Iditarod Live: The Sled Blog

Polar bear patrol with Sebastian Schnuelle - 11/15/2012 6:09 pm

Seavey on why he sued: 'I feel like I'm doing the right thing' - 5/22/2012 5:14 pm

Jonrowe wins dog care award; Mackey honored for sportsmanship - 3/18/2012 9:44 pm

Happy trails - 3/16/2012 2:47 pm

Third-place Ramey Smyth: 'I almost didn't get to the start line' - 3/16/2012 7:15 am

Meet the Sled Dogs: Colleen & Penny - 3/15/2012 7:09 pm

WATCH: Rapping dog musher finishes Iditarod, raps about the race - 3/15/2012 3:37 pm

Mackey: 'It wasn't the stellar performance I was expecting' - 3/15/2012 12:47 pm

Meet the Sled Dogs: Colleen & Penny

From Kyle Hopkins in Nome --

Musher: Colleen Robertia, Kasilof
Gender: Female
Position: Leader
Age: 7

It’s a children’s book waiting to happen. The Iditarod musher turns to the littlest sled dog to steer her through the tempest and arrive in Nome.

“As I was going through the challenges in this year’s race, like that big windstorm that people had heard about, that little female I have in lead did it,” Robertia, 35, said under the burled arch. “She went through that windstorm better than I could have. “

Here’s Robertia describing her mousy leader, Penny, in her own words:

Colleen Robertia, with lead dog Penny, finished the Iditarod in 10 days, 10 hours and 4 minutes, placing 21st. (Sebastian Schnuelle photo.)Colleen Robertia, with lead dog Penny, finished the Iditarod in 10 days, 10 hours and 4 minutes, placing 21st. (Sebastian Schnuelle photo.)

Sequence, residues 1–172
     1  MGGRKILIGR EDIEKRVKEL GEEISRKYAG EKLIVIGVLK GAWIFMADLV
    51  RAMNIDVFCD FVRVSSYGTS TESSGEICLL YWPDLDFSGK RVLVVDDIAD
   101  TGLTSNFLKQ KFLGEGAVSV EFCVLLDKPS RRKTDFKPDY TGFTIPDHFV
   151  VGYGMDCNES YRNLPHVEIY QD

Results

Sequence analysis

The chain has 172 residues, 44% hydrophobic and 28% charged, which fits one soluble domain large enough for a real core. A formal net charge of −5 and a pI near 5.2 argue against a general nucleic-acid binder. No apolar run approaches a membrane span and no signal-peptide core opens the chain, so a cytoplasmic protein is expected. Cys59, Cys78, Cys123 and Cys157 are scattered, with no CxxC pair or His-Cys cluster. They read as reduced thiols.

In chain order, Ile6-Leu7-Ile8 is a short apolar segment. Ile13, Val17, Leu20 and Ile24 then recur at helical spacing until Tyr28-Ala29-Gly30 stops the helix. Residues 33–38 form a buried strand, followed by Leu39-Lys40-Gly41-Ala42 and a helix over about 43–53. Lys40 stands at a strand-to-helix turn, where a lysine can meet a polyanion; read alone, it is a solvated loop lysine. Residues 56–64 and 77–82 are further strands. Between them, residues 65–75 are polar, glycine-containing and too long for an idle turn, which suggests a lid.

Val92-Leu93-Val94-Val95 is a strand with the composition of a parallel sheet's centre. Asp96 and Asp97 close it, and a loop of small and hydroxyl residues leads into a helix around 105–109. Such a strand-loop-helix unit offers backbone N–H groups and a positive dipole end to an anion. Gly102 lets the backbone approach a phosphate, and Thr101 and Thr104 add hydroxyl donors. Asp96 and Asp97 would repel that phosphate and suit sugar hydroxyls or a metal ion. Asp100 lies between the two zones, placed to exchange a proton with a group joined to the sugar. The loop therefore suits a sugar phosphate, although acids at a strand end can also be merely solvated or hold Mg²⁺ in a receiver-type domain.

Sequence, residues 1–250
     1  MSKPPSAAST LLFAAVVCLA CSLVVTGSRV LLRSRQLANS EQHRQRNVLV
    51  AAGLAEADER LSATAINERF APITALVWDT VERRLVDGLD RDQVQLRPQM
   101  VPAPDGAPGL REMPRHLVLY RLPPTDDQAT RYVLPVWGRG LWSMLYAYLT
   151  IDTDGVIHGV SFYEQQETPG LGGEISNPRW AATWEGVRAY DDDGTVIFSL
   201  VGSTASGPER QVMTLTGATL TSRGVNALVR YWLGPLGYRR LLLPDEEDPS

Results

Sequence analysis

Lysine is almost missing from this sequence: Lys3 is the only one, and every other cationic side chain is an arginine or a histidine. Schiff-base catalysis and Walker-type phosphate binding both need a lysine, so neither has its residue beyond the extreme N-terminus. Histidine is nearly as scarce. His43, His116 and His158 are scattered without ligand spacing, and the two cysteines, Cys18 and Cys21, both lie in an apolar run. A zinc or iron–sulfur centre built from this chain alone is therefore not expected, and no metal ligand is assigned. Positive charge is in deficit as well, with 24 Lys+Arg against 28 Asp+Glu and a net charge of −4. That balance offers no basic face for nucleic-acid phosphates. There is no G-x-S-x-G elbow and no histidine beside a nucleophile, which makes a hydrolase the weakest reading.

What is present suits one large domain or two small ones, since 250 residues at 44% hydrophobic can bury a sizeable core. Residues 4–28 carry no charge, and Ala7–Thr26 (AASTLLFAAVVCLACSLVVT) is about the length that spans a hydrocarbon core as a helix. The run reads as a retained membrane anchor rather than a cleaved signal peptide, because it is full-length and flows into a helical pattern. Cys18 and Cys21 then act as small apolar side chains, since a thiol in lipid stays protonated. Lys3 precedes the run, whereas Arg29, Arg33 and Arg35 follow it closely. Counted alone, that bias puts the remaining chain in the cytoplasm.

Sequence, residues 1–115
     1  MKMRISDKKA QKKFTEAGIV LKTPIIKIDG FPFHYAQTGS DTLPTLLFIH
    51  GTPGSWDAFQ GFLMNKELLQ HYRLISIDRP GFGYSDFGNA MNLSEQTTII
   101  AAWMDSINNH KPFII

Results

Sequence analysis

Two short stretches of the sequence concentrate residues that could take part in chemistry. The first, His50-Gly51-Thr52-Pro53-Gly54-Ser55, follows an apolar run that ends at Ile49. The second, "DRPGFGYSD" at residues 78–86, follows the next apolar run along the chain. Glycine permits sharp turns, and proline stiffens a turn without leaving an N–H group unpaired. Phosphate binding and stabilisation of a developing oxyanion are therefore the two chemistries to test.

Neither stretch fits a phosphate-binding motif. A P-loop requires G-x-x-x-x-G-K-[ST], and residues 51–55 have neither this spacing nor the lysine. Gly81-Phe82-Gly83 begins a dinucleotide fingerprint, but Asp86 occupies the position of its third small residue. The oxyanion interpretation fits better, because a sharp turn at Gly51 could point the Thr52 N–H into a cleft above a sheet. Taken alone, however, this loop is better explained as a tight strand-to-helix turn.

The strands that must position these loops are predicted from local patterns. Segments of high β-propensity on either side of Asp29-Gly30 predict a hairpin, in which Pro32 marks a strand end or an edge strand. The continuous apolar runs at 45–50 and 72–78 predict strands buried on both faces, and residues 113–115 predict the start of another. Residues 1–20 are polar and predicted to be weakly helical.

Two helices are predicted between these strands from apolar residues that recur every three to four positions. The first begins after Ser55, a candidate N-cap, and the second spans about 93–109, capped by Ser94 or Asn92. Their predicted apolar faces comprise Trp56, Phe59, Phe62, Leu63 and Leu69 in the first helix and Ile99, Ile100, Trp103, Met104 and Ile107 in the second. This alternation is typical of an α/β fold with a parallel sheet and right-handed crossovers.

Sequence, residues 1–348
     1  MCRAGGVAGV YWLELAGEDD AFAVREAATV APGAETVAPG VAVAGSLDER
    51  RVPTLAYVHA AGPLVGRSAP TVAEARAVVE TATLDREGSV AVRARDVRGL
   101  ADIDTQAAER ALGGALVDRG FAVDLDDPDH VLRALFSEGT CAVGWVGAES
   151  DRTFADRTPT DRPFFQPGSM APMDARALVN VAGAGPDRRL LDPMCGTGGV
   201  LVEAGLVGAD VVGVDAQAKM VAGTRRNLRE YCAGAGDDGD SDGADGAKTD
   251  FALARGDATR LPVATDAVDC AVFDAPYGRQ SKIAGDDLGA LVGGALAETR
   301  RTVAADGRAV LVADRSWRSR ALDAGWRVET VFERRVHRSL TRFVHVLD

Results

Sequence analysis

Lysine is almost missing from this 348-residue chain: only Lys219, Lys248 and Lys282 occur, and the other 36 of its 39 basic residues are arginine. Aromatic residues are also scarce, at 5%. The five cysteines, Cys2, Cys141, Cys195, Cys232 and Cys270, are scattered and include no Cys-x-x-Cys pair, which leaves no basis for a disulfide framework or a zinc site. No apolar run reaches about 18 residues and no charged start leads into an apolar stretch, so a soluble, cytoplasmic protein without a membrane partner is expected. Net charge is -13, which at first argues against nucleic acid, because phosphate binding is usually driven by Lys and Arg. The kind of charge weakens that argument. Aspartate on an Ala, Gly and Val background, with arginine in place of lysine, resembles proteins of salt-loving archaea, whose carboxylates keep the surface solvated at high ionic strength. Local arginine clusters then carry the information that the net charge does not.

What’s so impressive is that she’s so little and I don’t think most kennels would give her the chance to be on a dog team really, she’s tiny.

I’m sure today she only weighs about 25 pounds. It’s been a long, cold couple of days. She’ll probably be up to 30 by next weekend though.

I knew if she was going to run as a sled dog she would need to be a leader. Sometimes it’s nice to have really lightweight leaders. Sometimes you could see certain conditions where you’d want a big powerful leader. But a lot of times you just want someone light that doesn’t even break the surface of the snow and could find the trail.

I have to say, I think she held her weight pretty well, for what she just went through. Because it wasn’t just a 1,000 miles. Which in itself is significant and a significant calorie burn. We had some hellacious wind. Wind that could blow her over and then some extreme cold. And the cold is really tough on these little guys.

I told her she doesn’t ever have to do (an Iditarod) again, and she was fine with that, coming over this last run here.

When she comes in the house, she immediately just goes and sits on the couch. Sometimes she’ll go stalk the cat. But she knows she’s not allowed to mess with it. She’s just like, curious more. But she stays pretty quiet.

Once she gets hooked up in the team, I would even call her pretty tenacious. She really shows who’s boss out there. If she doesn’t like what’s going on with another dog, she kind of tells them to knock it off.

My Boston Terrier weighs almost as much as she does. … I really think she could pass for a Whippet or something if you took her to the Lower 48. Entered her in a greyhound race or something.

POSTSCRIPT: I just talked with Robertia again, and am eager to meet yet another of her leaders. Wolf, it seems, is a lead dog that was hit by a vehicle years ago and broke a hind leg. He wasn't supposed to be able to race again, Robertia said.

Instead, he led Robertia's 21st place team for about half of the Iditarod.

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